Warmer weather means an influx of projects for the construction industry. Businesses of all trades are likely to be filling up their calendars through the late summer months, if they haven’t already.
Well, isn’t that a good thing? Not exactly. As supply chains continue to rebound from COVID disruptions, costs are exponentially rising and supply can suddenly come to a halt. Forcing business owners to pivot and exceed their budgets to meet construction deadlines.
How do supply chains work?
Businesses can’t do it all on their own. Every product or service relies on other services and raw materials in order to be produced.
It’s a system of organization, information and other resources that heavily depend on each other to ultimately reach a consumer. Those relationships are called supply chains and they connect almost every corner of our marketplace.
Better Business Bureau is urging business owners to keep an eye on incoming materials when booking projects. Here a few tips to help you respond and build trust with your clients:
- Be transparent from the get-go. Communicate with your clients about potential delays. Be upfront and honest about expected material delivery dates before they sign the contract.
- Be there along the way. Provide your clients with updates along the way and give them your contact information and the best way(s) they can get ahold of you for questions. If needed, beef up your customer service team, and give them tools to better assist your customers.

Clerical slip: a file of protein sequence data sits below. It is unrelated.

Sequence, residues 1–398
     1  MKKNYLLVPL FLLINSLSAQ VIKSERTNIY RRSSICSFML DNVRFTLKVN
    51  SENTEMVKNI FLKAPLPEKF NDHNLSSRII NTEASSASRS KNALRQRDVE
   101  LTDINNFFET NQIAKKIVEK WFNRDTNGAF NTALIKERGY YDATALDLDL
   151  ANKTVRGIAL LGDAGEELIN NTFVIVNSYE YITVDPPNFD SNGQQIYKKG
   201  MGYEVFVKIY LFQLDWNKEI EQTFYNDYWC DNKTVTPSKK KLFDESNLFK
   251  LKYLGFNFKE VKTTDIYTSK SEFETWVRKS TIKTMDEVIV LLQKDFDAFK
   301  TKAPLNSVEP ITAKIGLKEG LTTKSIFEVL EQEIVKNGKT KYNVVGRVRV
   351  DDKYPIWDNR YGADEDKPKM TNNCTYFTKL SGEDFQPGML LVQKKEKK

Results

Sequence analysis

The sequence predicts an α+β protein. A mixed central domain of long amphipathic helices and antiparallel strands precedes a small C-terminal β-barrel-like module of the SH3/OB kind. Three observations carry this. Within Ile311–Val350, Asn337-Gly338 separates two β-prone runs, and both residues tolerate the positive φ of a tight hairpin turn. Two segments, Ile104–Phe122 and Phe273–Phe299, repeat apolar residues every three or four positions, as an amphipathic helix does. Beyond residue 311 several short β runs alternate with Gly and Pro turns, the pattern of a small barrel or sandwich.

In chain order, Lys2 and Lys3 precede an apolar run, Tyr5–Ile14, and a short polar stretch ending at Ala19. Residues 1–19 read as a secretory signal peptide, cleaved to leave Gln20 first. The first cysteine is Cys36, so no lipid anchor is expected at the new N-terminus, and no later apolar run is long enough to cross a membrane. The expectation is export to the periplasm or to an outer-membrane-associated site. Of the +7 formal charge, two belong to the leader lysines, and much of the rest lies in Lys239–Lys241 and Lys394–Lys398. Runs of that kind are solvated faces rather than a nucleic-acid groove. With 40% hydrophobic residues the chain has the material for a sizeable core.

- Take ownership. If delays happen after the point of agreement, notify your customers. Let them know what is going on and apologize for the inconvenience. The way you handle a roadblock can make or break a long-lasting relationship.
- Keep an eye on your supply chain. Have a solid understanding of how your supply chain works through supplier mapping. Communicate closely with your vendors and emphasize transparency from their part. It’s crucial to know their operational status and inventory level, in case you have to look for another supplier.
Understandably, some businesses do not have the bandwidth to have a large, widespread supply chain. Shorter supply chains are easier to keep in check. But even for businesses that have those tight supply chains, things may still seem tangled.
“If you think of your supply chain like a web right now, it’s hard to see where all the disruptions in the supply chain are,” explains Peter Crabb, Professor of Finance and Economics at Northwest Nazarene University.
Those disruptions cause an even bigger problem for business owners and inevitably lead to drastic solutions that are not ideal for anyone.
Which is why it’s even more important for your business to keep an eye on every link in your supply chain because your business depends on it.
To learn more, watch our BBB Informed video on supply chains. Find more business tips at trust-bbb.org.